Q. When are disc jockeys really being technicians?
A. Too many deejays are masquerading as business owners. They think they are entrepreneurs, and their actions say otherwise. As a busy deejay, they have a hard time letting go of expertise and familiarity of being behind the “reels of steel,” and remain trapped in their technical comfort zone, mindset and work habits. They may be wicked with the cross fader and able to get into all of the hottest clubs, however, technical expertise alone is not enough to manage a successful DJ business.
When instead of working on their businesses (i.e., its purpose, direction, strategy, structure, systems, people, goals, and accountability processes), most deejays are trapped working in their businesses, slaving away and grinding it out. Instead of working on tomorrow, they are preoccupied with working in today. They end up majoring in minor things. They go about reacting to daily intrusions instead of proactively developing long-term strategies for rebuilding a thriving deejay business. They are usually the busiest person in the club instead of being the owner/manager who also happens to deejay. They do the wrong type of work really well. They are chasing their tails!
Are you trapped in the mindset of a doer instead of a leader, doing the technical things instead of developing a strategic plan? Face reality and ask yourself, “Do I fall into the routine of doing the work of an employee or technician instead of the work of a business owner or leader?” Do you neglect creating the big picture with a clear strong vision? Are you actively engaged in strategic planning, establishing priorities and goals, profit improvement, team development, building relationships, etc.?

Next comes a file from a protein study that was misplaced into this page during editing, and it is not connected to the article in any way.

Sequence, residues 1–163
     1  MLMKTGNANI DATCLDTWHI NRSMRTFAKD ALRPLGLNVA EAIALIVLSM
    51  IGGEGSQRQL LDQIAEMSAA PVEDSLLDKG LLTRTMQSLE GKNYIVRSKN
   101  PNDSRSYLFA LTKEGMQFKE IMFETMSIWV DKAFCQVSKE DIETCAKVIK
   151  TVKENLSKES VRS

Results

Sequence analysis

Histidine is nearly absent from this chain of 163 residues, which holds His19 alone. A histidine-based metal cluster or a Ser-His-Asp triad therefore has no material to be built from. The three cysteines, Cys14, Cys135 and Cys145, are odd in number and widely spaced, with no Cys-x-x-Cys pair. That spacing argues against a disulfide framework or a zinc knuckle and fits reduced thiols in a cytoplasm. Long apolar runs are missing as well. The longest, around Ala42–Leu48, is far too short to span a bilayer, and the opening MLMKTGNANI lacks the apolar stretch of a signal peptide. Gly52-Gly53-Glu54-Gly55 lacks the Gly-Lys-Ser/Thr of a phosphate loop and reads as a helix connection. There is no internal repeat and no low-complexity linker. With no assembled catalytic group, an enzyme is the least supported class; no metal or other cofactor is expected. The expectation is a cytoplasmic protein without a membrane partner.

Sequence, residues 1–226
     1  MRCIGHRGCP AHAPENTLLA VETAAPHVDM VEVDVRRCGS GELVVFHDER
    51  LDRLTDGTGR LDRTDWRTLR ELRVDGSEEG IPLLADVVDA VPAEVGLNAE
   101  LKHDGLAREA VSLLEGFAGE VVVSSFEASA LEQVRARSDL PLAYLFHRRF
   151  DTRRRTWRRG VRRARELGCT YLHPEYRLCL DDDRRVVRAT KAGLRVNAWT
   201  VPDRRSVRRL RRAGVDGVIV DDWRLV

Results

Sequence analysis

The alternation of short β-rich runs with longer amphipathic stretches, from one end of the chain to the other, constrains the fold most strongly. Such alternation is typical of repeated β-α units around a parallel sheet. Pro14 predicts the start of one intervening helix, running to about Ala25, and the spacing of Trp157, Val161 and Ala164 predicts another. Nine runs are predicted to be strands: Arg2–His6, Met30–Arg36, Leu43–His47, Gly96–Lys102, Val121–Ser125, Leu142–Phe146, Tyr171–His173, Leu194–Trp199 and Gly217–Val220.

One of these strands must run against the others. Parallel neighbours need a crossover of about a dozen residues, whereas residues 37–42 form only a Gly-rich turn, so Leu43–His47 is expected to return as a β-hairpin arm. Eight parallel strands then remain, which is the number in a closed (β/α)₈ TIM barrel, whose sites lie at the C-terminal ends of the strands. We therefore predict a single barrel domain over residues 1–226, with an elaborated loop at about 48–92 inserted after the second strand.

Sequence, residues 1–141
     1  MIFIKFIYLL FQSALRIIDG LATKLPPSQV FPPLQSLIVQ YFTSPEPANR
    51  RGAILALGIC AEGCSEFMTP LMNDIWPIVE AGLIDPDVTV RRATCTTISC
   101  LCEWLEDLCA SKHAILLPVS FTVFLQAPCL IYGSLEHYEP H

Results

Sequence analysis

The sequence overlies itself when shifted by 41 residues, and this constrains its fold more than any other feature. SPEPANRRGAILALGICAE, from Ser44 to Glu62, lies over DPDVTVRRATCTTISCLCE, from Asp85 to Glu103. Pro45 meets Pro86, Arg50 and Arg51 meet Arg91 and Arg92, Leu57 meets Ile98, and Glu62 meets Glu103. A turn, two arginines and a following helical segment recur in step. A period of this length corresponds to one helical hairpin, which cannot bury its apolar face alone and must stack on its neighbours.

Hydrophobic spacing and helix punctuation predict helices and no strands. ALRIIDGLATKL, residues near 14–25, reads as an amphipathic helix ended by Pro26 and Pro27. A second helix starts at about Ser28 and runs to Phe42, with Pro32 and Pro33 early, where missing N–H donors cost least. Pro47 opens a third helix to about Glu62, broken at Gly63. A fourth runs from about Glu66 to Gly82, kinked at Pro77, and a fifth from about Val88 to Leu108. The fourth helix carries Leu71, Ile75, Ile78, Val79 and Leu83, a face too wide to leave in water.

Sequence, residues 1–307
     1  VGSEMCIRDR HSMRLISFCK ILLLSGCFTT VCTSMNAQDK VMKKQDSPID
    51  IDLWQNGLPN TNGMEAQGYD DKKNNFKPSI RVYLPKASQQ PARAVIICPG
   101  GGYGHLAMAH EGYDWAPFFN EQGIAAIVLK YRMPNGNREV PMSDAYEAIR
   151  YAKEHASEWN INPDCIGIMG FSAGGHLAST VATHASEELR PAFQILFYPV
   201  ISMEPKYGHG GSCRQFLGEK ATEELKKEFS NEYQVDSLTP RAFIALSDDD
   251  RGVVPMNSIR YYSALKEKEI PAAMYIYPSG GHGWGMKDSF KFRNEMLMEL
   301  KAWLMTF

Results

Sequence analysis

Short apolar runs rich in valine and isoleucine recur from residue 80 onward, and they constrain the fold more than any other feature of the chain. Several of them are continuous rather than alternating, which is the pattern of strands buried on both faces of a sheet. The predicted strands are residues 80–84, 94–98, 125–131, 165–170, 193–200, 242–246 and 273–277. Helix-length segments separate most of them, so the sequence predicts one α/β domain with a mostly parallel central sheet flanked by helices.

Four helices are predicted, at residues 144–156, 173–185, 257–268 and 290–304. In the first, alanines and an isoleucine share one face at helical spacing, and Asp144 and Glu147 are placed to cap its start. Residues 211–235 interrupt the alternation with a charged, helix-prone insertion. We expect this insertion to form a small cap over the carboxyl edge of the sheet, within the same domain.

According to Homeboyz Radio Mix, the DJ lifespan is 5 to 6 years, “unless you have another side hustle.” At some point, you probably caught the entrepreneurial bug several years ago and bought, inherited or borrowed some stereo equipment. You may have thought, “I can start a DJ business on my own”. From the very beginning, you probably functioned primarily only as a deejay and never developed the leadership capacity needed for long term development of your business. So many of us get comfortable with and become very good at being a “professional” that we never become a strategic business owner.
For you, the technical day-to-day demands of being a deejay were addictive and tough to escape. You worry about getting the equipment set up in time with the proper sound, and filling in for other DJs when one of then isn’t available. You probably didn’t worry, however, about how to design and build a DJ business with you as CEO. Rather, you dove in, got busy being busy, and started functioning in the technical role of being a disk jockey.
The end result is that you wind up being a busy disk jockey who also happens to own some deejay equipment. You probably never replaced yourself on the deejay lineup and you spend more time “rockin-the-house” than you do building a sustainable business. Instead of focusing on the business of deejaying, you focus on the technical work of being a deejay.
Running a successful company is centered about being a strategic leader. Owners often mistake busy-being-busy activity for accomplishment. They work hard with tunnel vision. They confuse heavy schedules and long hours with productive work. They fail to grasp the idea that running a successful business requires a strategic, entrepreneurial, visionary, and disciplined approach.
What is the difference between Business and Busy-ness?